Science, using well-designed experiments and trials, is the best tool for figuring out answers to health questions. But one has to admit the dark side of science as well: Scientific studies can be skewed by bias, shoddy design, or sometimes even by outright fraud like in the case of Dr. Bezwoda.
A Randomized Trial, Dr. Bezwoda
In 1995, a researcher from South Africa, Dr. Werner Bezwoda, published a groundbreaking paper in the prestigious Journal of Clinical Oncology. It was titled, “High-Dose Chemotherapy with Hematopoietic Rescue as Primary Treatment for Metastatic Breast Cancer: A Randomized Trial”. Dr. Bezwoda had shown that a therapy—a dangerous and expensive therapy—was remarkably effective against advanced breast cancer.
His statistics showed that 51% of women given his protocol, including high, almost lethal doses of chemotherapy followed by a bone marrow transplant, achieved remission of their cancer, compared with a dismal 2% of women using conventional therapy.
The Implementation of the Study
The idea for using bone marrow transplants for breast cancer had been proposed decades before this, and women around the world were already receiving this kind of therapy, sometimes having to pressure their insurance companies to pay for it. However, no previous study had shown that it was more effective than conventional therapy.
In fact, small earlier studies had reported a high mortality rate from the therapy itself, and European and American oncologists hadn’t been seeing close to that 50% cure rate. But there it was, published in a peer-reviewed scientific journal, and Bezwoda’s study became very influential. Women worldwide were offered this new therapy, and life or death decisions were made based on this study.
This article is based on a recap published in 2016 in the internet magazine Ozy, titled “The Fraudulent Study that Killed Millions of Breast Cancer Patients.” It turned out that the Bezwoda study was false, and the hope it offered wasn’t real. The data from this study was fabricated.
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The Dark Side of Science
We know that science, using well-designed experiments and trials, is the best tool for figuring out the answers to health questions. But we have to admit the dark side here, that the methods of science aren’t perfect and that scientists don’t always follow the rules. Scientific studies can be skewed by bias and shoddy design, or sometimes by outright fraud.
Inspection of Dr. Werner Bezwoda’s Study
In the Bezwoda case, a team of oncologists became suspicious of his work, traveling to South Africa in 2000 to review his data after the paper was published. What they found was a tangled mess of poor documentation, deceptive study enrollment, and some outright lies.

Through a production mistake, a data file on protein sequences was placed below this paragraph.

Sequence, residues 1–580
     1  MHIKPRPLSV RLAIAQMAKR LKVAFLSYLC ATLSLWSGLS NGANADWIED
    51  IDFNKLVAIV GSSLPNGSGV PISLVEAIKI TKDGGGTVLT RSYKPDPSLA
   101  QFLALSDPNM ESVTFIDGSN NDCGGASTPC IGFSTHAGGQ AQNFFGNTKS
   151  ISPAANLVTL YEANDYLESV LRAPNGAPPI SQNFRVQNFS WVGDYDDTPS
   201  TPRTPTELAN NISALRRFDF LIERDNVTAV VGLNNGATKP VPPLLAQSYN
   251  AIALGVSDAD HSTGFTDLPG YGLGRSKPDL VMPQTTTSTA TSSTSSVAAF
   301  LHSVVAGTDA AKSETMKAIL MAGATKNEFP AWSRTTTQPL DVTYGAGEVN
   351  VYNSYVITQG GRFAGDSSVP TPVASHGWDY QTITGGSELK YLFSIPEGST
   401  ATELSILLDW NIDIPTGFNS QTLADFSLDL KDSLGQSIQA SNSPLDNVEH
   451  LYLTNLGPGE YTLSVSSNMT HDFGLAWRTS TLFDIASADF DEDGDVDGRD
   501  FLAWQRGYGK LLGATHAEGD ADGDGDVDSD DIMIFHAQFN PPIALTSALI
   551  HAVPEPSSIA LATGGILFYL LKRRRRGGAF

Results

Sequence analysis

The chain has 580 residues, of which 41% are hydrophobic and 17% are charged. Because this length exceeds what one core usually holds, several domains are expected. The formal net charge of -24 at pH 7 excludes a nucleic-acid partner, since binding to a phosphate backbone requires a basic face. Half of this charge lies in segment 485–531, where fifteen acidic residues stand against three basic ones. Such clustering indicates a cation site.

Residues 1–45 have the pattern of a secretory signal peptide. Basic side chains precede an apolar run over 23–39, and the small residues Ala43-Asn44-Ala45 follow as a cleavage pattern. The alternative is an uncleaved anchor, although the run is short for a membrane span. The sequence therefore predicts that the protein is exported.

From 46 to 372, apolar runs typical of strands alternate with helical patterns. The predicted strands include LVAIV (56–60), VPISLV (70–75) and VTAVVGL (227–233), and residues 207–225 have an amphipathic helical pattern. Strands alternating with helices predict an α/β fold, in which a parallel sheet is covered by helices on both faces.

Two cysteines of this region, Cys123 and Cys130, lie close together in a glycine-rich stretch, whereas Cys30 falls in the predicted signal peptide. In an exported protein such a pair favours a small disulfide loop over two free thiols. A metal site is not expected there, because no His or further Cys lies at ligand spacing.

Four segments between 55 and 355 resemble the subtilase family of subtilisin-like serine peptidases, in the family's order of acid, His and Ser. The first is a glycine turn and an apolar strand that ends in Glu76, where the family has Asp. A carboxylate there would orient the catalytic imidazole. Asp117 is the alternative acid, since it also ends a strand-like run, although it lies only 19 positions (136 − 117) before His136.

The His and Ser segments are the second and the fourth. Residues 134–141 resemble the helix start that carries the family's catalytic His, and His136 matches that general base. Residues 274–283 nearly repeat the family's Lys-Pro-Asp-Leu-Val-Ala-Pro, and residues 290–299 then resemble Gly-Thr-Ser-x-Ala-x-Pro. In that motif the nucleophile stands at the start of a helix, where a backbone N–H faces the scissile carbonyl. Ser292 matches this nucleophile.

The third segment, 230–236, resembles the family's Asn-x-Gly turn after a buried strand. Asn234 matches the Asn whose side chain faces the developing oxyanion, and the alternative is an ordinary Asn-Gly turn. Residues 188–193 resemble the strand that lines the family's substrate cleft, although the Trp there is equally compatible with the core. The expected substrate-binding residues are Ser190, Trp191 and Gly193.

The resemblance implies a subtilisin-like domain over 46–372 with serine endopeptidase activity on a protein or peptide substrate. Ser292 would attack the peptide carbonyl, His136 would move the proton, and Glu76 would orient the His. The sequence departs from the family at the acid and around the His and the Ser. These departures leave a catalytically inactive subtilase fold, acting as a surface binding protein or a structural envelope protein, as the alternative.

Bezwoda’s paper was published in 1995, and he continued to present data from the paper and from subsequent patients at meetings over the next several years, even while skepticism and calls for more transparency grew.
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Discreditation of Dr. Werner Bezwoda’s Study
The story broke in the press in February 2000, with stories like this one from The New York Times: “Breast Cancer Researcher Admits Falsifying Data.”
The story jumps right to the meat of the issue in the first two sentences: A South African researcher has admitted that he falsified data and is retracting a widely publicized study claiming that bone-marrow transplantation and high-dose chemotherapy could prolong the lives of women with advanced breast cancer.
Admission of Fraud and Subsequent Retraction of the Study
The admission of fraud came only after a team of American scientists visited the researcher’s laboratory to examine his records and found that they did not match what he had reported.
It didn’t take long for the admission to change how the therapy could be used. Eleven days later, another New York Times headline read, “Insurer Drops a Therapy for Breast Cancer.” One of the U.S.’s top insurers, Aetna, had announced that they would no longer cover the astronomical costs of this therapy unless the patient was enrolled in a legitimate study. One month later, the study’s lead author was fired from his university position, and in June 2001, about six years after it was published, the study was formally retracted from the Journal of Clinical Oncology.